B.C. Education Minister Rob Fleming has announced a gradual restart of classes in September, with students expected back in the classroom by Sept. 10.
Beginning on Sept. 8, school staff will meet with their schools’ joint health and safety committees to get instructions on plans to prevent transmission of COVID-19. They’ll also have time to adjust to the new routine and make sure lesson plans work in the “new normal,” according to a government press release.
“Schools are going to look different in September,” Fleming said in a news release.
“Staff, students and parents need time to get familiar with all the new health and safety procedures that are designed to keep them safe and confident in their school settings.”
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Students are heading back to class in September. Here’s what that could look like
Children will return to school for orientation by Sept. 10, when they’ll learn their class assignments and find out who is in their “learning group” — a cluster of 60-120 students that is meant to allow for social interaction, while limiting the potential for widespread transmission.
Students were originally expected to return to class along with their teachers on Sept. 8.
Fleming said outdoor education will play a large role in the first two months of classes and emphasized the importance of students returning to schools to continue their education.
“We can’t sacrifice 18 months of education, we have to learn how to do things safely during this pandemic. That’s why we’ve developed and evolved the guidelines to maximize the return to in-class instruction,” Fleming said.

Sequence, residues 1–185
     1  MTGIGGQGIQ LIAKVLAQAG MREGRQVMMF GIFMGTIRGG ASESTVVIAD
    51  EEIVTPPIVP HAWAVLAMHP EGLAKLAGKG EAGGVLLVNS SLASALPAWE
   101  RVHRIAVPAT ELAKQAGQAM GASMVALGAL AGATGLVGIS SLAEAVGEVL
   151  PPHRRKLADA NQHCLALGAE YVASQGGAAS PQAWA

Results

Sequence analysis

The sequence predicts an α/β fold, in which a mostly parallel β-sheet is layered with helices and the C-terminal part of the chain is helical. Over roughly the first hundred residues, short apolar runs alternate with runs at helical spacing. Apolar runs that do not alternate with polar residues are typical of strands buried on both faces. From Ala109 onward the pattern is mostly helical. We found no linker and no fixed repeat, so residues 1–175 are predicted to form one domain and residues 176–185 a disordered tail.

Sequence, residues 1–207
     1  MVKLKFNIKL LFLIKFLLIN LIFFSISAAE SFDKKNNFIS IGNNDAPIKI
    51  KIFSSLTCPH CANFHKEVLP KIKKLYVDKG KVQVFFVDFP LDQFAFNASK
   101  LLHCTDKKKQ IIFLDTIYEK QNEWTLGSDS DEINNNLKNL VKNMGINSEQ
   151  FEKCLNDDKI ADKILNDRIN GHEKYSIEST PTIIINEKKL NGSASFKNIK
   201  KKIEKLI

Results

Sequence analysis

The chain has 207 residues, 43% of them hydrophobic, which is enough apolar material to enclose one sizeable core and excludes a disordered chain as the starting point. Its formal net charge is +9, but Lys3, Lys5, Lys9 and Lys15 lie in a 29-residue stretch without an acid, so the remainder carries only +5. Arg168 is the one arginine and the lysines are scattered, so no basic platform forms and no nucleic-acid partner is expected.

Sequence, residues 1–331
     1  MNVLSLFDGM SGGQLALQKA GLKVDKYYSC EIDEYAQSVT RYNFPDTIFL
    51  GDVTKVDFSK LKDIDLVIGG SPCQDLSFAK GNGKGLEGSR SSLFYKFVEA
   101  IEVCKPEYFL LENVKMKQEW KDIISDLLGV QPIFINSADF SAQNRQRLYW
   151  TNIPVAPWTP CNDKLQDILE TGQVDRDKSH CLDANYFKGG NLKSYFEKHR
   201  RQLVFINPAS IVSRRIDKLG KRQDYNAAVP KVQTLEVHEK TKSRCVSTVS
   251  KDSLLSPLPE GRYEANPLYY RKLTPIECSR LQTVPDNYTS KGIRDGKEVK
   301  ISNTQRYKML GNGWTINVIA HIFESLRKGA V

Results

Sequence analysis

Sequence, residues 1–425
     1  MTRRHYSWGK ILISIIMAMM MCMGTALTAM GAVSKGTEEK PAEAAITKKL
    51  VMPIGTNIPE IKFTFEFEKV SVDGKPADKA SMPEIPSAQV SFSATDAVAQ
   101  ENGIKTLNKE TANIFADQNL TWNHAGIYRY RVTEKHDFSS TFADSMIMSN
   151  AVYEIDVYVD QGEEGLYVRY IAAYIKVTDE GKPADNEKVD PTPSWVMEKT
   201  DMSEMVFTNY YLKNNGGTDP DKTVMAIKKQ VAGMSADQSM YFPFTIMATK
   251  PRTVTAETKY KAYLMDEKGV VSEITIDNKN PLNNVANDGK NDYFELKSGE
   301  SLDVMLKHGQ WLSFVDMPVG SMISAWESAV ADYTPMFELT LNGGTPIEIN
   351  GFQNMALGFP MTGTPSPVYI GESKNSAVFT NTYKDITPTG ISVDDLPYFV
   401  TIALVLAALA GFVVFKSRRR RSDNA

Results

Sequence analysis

Details of the phased plan come after concerns were raised by the B.C. Teachers’ Federation and the B.C. Principals’ and Vice-Principals’ Association, as well as two days of criticism from Opposition members during question period in the legislature.
Simeen and Asif Bhanji, parents to five-year-old Zenaya and seven-year-old Auraya, say they are not comfortable with sending their kids back to school.
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“We were really disappointed with how this had proceeded so quickly without any information or details,” said Simeen Bhanji, saying she hasn’t been sleeping properly due to stress about her kids going back to school.
Asif Bhanji says while he agrees that schools need to resume, there should be more options to accommodate parents who are worried about risks to their families, immunocompromised elders and themselves.
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Premier John Horgan said he understands parents and families are concerned about the circumstances, but added that schools are fundamental in a return to normalcy.
“We’re working everyday, diligently, to try and ease those concerns to make it as safe as we possibly can,” Horgan said. “I think parents understand that, educators understand that, and the kids, of course, they just want to get back to school.”
Fleming has said that face masks will be supplied to all students and staff, and will be used in most transportation settings and possibly common areas where physical distancing isn’t possible.
A government steering committee, established to help schools plan their restart, will issue operational guidelines next week on issues ranging from health and safety protocols to supporting the mental health of students.